D2 v4.5 DQL Editor Widget – Part 4

In the last post of this series I will discuss how to install and configure the D2 DQL Editor external widget. To recap:

  • Part 1 – overview of widget design,
  • Part 2 – discussion of JavaScript and OpenAjaxHub implementation,
  • Part 3 – discussion of Java servlet to run query and format results.

Installation and configuration of the D2 DQL Editor widget occurs in three easy steps:

  1. First, install the D2DQL.war file on your application server (I only tested with Tomcat). The WAR should contain all of the necessary DFC, dmRecordSet, and DCTMBasics JARs (in /WEB-INF/lib), in addition to the DQLQueryServlet.class class file, D2DQLEditor.jsp JSP file, and DQL.css style sheet.  The directory structure should look like this:
    • ../webapps/D2DQL
      • D2DQLEditor.jsp
      • /META-INF
      • /resources
        • DQL.css
        • D2-OAH.js
        • OpenAjaxManagedHub-all.js
      • /WEB-INF
        • /lib
          • aspectjrt.jar
          • certFIPS.jar
          • commons-lang-2.4.jar
          • DCTMBasics.jar
          • dfc.jar
          • dmRecordSet.jar
          • jsafeFIPS.jar
          • log4j.jar
        • /classes/com/dm_misc/D2
          • DQLQueryServlet.class
  2. In D2-Config, configure a new widget using the settings below (you may need to adjust the URL for your environment).  See the EMC Documentum D2 v4.5 Administration Guide for details on configuring new widgets D2 configurations.
    • Name:  D2DQL
    • Label and Description:  D2DQL
    • Widget Type: ExternalWidget
    • Widget URL:  http://localhost:8080/D2DQL/D2DQLEditor.jsp?user=$USER&docbase=$DOCBASE
    • Bi-directional Communications:  checked
    • Communication Channels:  D2_ACTION_DM_TICKET_GENERATE

D2DQL-D2-Config

  1. Configure the D2DQL widget on a D2 workspace and configure it in the Configuration Matrix appropriately.

Login to D2, open your workspace, and run a query.

D2DQLEditor

You can download the WAR file and all of the source code for the D2 DQL Editor here.

I hope this series of blog posts on building the D2 DQL Editor have been valuable to you.  I find the widget itself useful and the experience of developing it incredibly valuable.  I hope to build additional D2 external widgets using this model in the future.

Leave me a comment, I’d be happy to hear your thoughts.

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D2 v4.5 DQL Editor Widget – Part 3

In the last two posts I introduced you to my D2 DQL Editor external widget. In Part 1, I discussed the general workings of the widget. In Part 2, I discussed the JavaScript and OpenAjaxHub code required to request and receive login tickets via D2’s bi-directional communication channels. In this post I will briefly discuss the Java servlet that the widget calls to execute the DQL query and format the results.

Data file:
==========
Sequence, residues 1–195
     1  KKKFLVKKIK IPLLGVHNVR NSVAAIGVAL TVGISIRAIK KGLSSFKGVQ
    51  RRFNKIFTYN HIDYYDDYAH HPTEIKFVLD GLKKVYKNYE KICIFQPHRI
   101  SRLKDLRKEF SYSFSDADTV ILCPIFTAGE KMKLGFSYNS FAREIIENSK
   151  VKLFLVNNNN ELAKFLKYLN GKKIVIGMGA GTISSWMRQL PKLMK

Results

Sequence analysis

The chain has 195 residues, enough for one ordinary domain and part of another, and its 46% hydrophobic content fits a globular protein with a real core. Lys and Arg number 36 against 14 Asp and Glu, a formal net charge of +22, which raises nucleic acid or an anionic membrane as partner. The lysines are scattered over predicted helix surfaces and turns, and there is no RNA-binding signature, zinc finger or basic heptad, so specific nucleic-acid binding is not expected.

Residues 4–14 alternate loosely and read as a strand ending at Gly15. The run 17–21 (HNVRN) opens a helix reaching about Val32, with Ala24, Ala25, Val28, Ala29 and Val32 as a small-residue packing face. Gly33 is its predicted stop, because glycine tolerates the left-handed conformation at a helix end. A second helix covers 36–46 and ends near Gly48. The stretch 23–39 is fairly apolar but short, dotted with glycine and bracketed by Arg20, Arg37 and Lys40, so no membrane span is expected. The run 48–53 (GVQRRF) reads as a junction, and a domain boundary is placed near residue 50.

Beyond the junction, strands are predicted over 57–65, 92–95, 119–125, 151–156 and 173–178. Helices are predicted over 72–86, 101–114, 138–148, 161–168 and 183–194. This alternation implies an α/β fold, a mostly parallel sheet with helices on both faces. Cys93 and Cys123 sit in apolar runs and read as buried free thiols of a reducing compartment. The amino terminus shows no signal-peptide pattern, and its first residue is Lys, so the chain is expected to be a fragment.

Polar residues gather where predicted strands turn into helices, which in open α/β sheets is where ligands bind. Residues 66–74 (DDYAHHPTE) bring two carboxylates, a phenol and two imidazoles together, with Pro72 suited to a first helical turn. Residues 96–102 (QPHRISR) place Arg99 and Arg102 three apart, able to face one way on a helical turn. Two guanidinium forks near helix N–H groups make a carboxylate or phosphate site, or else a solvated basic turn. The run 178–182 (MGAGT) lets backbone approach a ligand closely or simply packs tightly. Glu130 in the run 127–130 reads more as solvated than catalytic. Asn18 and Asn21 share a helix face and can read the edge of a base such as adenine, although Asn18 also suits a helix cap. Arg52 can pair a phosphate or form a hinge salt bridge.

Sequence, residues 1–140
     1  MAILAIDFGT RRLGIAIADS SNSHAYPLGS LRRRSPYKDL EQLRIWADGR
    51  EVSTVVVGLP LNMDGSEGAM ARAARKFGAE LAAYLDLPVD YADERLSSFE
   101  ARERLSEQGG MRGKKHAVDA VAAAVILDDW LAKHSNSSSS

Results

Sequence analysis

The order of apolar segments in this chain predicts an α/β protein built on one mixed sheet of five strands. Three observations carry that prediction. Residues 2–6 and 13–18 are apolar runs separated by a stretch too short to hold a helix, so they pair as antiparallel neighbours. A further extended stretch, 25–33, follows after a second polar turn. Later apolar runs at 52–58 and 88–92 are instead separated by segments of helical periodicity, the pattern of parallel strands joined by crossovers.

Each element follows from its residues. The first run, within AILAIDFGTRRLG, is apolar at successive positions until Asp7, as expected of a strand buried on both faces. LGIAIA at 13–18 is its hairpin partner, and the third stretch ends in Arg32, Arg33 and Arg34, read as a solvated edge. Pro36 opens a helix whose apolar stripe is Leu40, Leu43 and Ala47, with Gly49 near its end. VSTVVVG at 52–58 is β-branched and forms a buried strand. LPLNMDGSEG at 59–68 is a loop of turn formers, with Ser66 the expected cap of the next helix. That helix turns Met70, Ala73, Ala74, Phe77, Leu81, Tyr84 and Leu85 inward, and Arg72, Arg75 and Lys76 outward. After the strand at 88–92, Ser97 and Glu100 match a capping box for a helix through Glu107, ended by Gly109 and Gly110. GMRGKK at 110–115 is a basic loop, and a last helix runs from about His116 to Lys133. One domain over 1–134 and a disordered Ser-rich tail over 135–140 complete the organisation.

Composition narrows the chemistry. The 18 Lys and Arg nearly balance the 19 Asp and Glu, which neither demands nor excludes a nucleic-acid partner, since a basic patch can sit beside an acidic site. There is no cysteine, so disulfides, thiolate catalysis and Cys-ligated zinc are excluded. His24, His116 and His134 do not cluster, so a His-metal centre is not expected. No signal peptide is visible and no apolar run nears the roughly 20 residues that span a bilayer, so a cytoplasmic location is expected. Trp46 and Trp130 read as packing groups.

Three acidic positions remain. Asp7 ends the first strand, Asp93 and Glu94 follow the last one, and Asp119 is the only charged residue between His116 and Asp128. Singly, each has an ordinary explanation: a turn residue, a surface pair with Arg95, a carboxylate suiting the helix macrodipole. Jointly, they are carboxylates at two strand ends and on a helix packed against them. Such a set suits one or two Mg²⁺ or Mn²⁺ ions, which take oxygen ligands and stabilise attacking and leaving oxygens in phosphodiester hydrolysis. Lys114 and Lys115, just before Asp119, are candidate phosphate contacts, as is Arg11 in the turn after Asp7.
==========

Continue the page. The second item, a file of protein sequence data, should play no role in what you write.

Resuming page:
There isn’t anything surprising in the Java servlet code. Instead of showing all of the servlet code, I will just highlight some areas that are noteworthy.

  • The servlet extends HttpServlet; nothing special.
  • Note the use of the DCTMBasics to login and run the query
  • Note the use of dmRecordSet classes to simplify the processing of the query results. The use of this class provides several nice capabilities:
    • The number of rows returned by the query can be determined from the collection without having to run a second query with the count(*) in the selection criteria.
      // get record set
      dmRecordSet rs = new dmRecordSet(col);
      
      // if results do this
      if (rs.getRowcount() > 0)
         output.append("<h3>Rows returned: " + rs.getRowCount() + "</h3>");
      
    • You can easily print the column names returned in the collection without knowing them ahead of time by iterating over the dmRecordSet.getColumnDefs() ArrayList.
      ArrayList&lt;IDfAttr&gt; cols = rs.getColumnDefs();
      
      // print col names as headers
      output.append("<tr>");
      output.append("<th>Row No.</th>");
      for (IDfAttr a : cols) {
        output.append("<th>" + a.getName() + "</th>");
      }
      output.append("</tr>");
      
    • Likewise, you can easily iterate over the entire collection by using the column name ArrayList to retrieve the value of each column from each row.
      while (rs.hasNext()) {
        IDfTypedObject tObj = rs.getNextRow();
        output.append("<td>" + (rs.getCurrentRowNumber() + 1) + ".</td>");
        for (IDfAttr a : cols) {
          output.append("<td>" + tObj.getString(a.getName()) + "</td>");
        }
        output.append("</tr>");
      }
      
      

You can download the WAR file and all of the source code for the D2 DQL Editor here.

D2 v4.5 DQL Editor Widget – Part 2

In the last post I introduced you to my external D2 DQL Editor widget.  In this post I will discuss the JavaScript used to invoke the OpenAjaxHub and to use D2’s bi-directional communication channels.